George Carlin’s quote seems just perfect for many situations. But every now and then, try something new. Consider Stephen Covey’s famous quote:
“Seek first to understand, then to be understood.”
One of the keys to communication, including persuasion, is to LISTEN. Often, there is not one best answer. I know it often seems like there is only one answer, but this mindset shuts down communication., and that won’t help you much at all. What seems “right” depends on your perspective, assumptions, experiences, skills, personality, family background etc. etc. You already know what YOU think. Trying being quieter and asking questions. Listen, really listen, rather than search for weaknesses in their argument. Instead, let your goal be to understand. The understanding and information you gather will help you formulate your own comments that will greatly increase your power of persuasion. If you truly practice the art of active listening, you might even alter your opinion on the topic. Maybe not! But, it’s a possibility. You will also have made the other person feel heard and hopefully understood, which makes them more open to listen to YOU.
Remember also that famous saying:
Wise men (and women) are quick to listen, slow to speak, and slow to become angry.
Check out our communication and conflict management courses
Friday, August 7, 2009
Lisa Takeuchi Cullen, in Time Magazine, defends jerks at work. See her article at this link:
She asks what American Idol would be like without Simon?
“Good point” you might think. But the American public loves tuning in to watch Simon and most respect his opinion. He makes about a hundred gazillion dollars a season for all those associated with American Idol. The benefits clearly outweigh the costs and I doubt there are many on the American Idol staff that want to see him leave. This is not your typical “jerk at work” story.
What do you think? Our suggestion is to identify and focus on specific unacceptable behaviors rather than telling the employee to stop being a jerk. We also highly recommend dealing with unacceptable behaviors immediately, before being a jerk becomes contagious in your organization. This isn’t to say that all jerks are lost causes. By focusing on specific behaviors that need improvement, perhaps you’ll get lucky and turn the jerk into a star employee.
Thursday, August 6, 2009
What is the purpose of coaching? Can we define that for the world, or should each business define the goals of their coaching program and strategy? I think the later. A recent article titled “Coaching, does it add value” by Maurice Duffy seems to offer an opposite point of view.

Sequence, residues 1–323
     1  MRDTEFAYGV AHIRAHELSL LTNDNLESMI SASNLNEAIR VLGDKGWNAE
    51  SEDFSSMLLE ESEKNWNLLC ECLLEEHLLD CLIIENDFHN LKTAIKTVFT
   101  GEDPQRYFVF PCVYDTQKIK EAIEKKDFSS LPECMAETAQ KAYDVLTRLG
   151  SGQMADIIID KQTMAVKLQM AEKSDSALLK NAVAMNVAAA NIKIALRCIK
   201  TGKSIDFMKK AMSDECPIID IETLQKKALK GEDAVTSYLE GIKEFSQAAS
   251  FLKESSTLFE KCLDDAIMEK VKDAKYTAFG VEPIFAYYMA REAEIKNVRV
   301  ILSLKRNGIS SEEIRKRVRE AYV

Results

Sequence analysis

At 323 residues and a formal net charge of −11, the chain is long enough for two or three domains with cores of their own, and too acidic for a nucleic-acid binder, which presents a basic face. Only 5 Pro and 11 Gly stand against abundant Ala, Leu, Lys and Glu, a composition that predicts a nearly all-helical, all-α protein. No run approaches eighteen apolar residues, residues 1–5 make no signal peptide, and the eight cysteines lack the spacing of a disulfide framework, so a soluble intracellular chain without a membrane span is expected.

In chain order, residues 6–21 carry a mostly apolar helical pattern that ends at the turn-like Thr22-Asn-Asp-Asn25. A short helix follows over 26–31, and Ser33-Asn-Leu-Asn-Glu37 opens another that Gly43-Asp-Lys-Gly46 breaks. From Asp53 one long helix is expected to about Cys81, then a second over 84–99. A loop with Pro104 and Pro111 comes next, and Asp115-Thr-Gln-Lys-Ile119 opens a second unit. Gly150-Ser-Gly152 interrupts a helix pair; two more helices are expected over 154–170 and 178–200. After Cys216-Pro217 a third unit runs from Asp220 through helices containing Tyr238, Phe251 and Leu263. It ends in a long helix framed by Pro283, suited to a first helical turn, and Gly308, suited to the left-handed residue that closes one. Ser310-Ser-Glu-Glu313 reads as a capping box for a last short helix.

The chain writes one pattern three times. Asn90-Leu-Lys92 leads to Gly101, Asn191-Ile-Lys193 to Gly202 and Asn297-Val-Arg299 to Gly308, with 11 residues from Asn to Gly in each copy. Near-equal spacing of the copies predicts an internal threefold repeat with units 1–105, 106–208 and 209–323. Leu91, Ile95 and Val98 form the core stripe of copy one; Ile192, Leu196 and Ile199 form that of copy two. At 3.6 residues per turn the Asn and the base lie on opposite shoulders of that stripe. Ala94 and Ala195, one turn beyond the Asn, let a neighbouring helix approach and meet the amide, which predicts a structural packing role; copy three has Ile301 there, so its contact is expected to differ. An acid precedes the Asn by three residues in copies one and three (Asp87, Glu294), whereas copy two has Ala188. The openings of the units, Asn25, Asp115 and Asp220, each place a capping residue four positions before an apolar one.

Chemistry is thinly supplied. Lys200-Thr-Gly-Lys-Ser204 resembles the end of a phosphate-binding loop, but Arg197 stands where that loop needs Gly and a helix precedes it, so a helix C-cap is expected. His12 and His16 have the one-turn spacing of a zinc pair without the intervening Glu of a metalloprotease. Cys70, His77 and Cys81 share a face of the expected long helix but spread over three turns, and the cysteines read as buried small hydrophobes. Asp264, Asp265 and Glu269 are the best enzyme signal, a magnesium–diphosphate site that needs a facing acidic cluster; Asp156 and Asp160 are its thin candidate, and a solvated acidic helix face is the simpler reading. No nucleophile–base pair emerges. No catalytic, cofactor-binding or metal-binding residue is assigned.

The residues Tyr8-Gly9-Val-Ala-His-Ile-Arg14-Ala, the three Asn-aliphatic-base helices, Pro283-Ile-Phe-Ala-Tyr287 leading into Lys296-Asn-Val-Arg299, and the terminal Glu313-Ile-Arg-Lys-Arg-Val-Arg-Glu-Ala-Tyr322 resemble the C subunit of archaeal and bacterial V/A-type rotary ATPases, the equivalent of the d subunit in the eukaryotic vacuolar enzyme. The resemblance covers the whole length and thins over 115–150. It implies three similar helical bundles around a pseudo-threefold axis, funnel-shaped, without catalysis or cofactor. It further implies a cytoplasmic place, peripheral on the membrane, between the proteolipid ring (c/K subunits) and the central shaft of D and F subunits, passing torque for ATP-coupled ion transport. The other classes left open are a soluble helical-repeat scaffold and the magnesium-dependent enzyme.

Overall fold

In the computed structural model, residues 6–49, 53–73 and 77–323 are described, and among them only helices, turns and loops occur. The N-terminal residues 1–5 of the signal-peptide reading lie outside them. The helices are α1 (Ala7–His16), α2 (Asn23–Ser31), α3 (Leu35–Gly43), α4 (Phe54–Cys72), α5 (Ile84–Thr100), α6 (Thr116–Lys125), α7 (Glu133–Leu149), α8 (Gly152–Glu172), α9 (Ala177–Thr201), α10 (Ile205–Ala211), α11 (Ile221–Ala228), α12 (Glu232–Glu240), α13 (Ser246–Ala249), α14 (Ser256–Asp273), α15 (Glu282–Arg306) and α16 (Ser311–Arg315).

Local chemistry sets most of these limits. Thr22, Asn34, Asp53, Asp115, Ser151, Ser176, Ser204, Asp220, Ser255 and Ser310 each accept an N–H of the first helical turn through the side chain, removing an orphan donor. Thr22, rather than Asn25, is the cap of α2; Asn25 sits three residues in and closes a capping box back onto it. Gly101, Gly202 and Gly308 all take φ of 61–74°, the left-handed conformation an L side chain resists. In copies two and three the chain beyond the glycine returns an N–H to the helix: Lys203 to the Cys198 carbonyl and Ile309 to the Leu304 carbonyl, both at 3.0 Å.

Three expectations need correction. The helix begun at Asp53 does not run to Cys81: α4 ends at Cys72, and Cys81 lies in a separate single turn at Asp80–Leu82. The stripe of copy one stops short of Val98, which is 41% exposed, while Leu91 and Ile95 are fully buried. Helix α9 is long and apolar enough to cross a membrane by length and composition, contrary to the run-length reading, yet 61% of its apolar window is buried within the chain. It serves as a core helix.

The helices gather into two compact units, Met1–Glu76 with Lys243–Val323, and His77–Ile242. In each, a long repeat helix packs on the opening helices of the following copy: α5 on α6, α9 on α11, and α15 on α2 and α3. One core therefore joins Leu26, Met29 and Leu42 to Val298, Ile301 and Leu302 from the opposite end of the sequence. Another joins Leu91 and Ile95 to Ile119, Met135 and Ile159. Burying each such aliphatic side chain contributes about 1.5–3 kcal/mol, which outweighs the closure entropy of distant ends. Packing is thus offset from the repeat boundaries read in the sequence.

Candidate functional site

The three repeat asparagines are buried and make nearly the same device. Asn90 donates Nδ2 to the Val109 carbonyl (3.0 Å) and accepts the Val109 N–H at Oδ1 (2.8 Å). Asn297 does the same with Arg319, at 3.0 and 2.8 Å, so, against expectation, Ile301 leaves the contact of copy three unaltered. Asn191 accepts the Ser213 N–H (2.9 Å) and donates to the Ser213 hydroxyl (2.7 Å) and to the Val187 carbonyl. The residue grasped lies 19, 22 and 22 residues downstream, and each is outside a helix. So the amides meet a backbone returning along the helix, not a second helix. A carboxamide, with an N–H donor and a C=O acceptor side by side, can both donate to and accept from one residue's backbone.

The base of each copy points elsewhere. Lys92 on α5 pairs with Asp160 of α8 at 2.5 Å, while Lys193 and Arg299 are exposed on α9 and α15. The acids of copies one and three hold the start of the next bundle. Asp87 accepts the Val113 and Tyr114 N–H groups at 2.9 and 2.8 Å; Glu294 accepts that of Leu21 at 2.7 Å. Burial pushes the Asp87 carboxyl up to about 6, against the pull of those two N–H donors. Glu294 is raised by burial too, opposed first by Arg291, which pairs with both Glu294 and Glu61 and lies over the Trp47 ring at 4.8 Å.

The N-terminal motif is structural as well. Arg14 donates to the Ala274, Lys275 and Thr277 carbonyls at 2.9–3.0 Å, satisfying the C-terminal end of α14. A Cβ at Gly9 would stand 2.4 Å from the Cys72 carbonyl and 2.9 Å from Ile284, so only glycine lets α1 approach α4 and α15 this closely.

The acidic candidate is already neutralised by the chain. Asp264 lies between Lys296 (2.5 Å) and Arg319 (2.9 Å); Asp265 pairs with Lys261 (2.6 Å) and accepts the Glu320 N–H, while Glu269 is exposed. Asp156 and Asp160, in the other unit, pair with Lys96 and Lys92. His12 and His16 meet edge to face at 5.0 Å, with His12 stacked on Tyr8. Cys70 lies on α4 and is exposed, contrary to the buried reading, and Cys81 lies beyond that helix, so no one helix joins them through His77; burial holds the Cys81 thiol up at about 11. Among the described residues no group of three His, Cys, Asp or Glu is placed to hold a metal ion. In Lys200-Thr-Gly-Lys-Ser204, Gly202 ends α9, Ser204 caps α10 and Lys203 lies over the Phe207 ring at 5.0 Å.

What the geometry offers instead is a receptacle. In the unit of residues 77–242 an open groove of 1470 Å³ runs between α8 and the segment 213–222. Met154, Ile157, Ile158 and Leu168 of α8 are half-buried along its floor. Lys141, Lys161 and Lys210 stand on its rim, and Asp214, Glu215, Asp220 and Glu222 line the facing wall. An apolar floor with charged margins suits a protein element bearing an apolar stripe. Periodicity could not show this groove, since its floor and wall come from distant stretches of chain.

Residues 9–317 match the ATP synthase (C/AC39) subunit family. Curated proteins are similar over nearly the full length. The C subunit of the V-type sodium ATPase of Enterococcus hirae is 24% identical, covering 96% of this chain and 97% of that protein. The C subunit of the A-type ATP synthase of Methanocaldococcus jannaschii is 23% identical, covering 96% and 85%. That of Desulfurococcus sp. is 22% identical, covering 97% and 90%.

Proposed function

Duffy believes that too often, coaching is implemented “to address specific personal development needs, and becomes a 'soft' patchy interaction that meanders for months, making the coach money and the individual happy” but producing no measurable benefit.
Perhaps your coaching program was put into place in order to address personal development needs; assuming these needs meet the needs of the organization. Perhaps it is put into place to improve “soft skills” such as interpersonal communication. While I believe Duffy takes too harsh of a viewpoint on coaching, it IS important to fully define the purpose of your coaching program before investing a dime.
Read Duffy’s full article at: http://www.personneltoday.com/articles/2009/07/14/51419/coaching-does-it-add-value.html
Wednesday, August 5, 2009
"Companies and organizations who recognize that their employees are their only truly sustainable resource will add value by continuing to offer education and professional development opportunities. The smart organizations will be well positioned for the coming economic upturn with an educated workforce," commented Dr. Robert Deahl, Dean of the Marquette University College of Professional Studies.
See the article at: http://www.wisbusiness.com/index.iml?Article=166201
Friday, July 31, 2009
What do you hate about all of the current e Learning websites and options? Employees make plans to spend time on an e Learning program, but do not give it the priority they give to a conference or training seminar they sign up to attend. They allow other things, almost ANYTHING, to take precedence and the learning gets put off, week after week. Tracking completion and offering incentives for completing e Learning programs should be high priority. Even better, offer incentives for improved performance that results from the e Learning program.